The survey also looked at work and social life, finding that young adults spend less time socialising and more hours working overtime than over 55s, with 18- to 34-year-olds being twice as likely to cancel a social occasion because of work commitments compared to baby boomers.
The findings follow others that point to young people feeling increasingly unhappy.
The study, reported by The Guardian, found that one in four felt “hopeless”, while three out of five young people polled regularly feel stressed due to concerns over money and employment.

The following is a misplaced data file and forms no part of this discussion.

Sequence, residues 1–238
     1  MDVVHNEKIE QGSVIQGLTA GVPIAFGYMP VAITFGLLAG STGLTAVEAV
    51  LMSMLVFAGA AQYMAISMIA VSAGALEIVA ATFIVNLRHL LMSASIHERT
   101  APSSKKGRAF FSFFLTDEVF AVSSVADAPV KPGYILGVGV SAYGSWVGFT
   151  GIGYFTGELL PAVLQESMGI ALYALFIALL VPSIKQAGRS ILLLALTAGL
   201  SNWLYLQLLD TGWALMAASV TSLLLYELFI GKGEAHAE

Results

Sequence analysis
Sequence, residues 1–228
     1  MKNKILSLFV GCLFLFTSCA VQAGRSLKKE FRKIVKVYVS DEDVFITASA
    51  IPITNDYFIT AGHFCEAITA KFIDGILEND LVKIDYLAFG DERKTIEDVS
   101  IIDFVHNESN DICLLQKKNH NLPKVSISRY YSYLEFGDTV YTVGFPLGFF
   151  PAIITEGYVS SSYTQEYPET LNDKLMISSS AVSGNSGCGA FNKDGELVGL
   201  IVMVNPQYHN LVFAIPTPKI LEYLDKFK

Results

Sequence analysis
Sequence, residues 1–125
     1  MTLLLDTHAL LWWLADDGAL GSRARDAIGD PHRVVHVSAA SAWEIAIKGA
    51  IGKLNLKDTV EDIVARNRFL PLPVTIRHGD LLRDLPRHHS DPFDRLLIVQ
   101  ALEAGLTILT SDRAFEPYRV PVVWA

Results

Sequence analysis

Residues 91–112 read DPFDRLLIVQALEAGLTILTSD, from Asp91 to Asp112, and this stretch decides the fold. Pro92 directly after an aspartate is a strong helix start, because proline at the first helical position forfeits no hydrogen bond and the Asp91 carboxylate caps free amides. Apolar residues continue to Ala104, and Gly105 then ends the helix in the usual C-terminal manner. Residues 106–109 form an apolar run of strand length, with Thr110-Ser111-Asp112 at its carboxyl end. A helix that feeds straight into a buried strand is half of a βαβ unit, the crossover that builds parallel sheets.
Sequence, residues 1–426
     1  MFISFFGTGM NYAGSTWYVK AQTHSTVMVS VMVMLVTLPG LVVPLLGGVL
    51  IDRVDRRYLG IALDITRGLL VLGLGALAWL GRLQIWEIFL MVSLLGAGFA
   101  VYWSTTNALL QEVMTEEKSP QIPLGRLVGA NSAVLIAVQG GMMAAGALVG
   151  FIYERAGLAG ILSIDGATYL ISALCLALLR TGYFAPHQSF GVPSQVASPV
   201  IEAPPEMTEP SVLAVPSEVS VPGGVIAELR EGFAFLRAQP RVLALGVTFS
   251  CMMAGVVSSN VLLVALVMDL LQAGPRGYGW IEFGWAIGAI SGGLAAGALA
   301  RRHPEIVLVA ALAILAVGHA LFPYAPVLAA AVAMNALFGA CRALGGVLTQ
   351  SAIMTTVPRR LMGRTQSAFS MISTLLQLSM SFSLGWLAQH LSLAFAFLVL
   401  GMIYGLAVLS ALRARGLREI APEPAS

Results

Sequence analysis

Another poll conducted last month found that nine in ten young people say their lives have no meaning or purpose, with 84 per cent saying they are failing to “live their best life”.
While in August, a study by the Children’s Society found that childhood happiness had fallen to its lowest level in a decade, while a report published in September revealed almost one-in-five bullied children had contemplated suicide.
Poll: Majority of Britons Believe Society Is ‘Broken’, Economy ‘Rigged’ to Benefit ‘Rich and Powerful’ https://t.co/RB3SNs6x83
— Breitbart London (@BreitbartLondon) September 13, 2019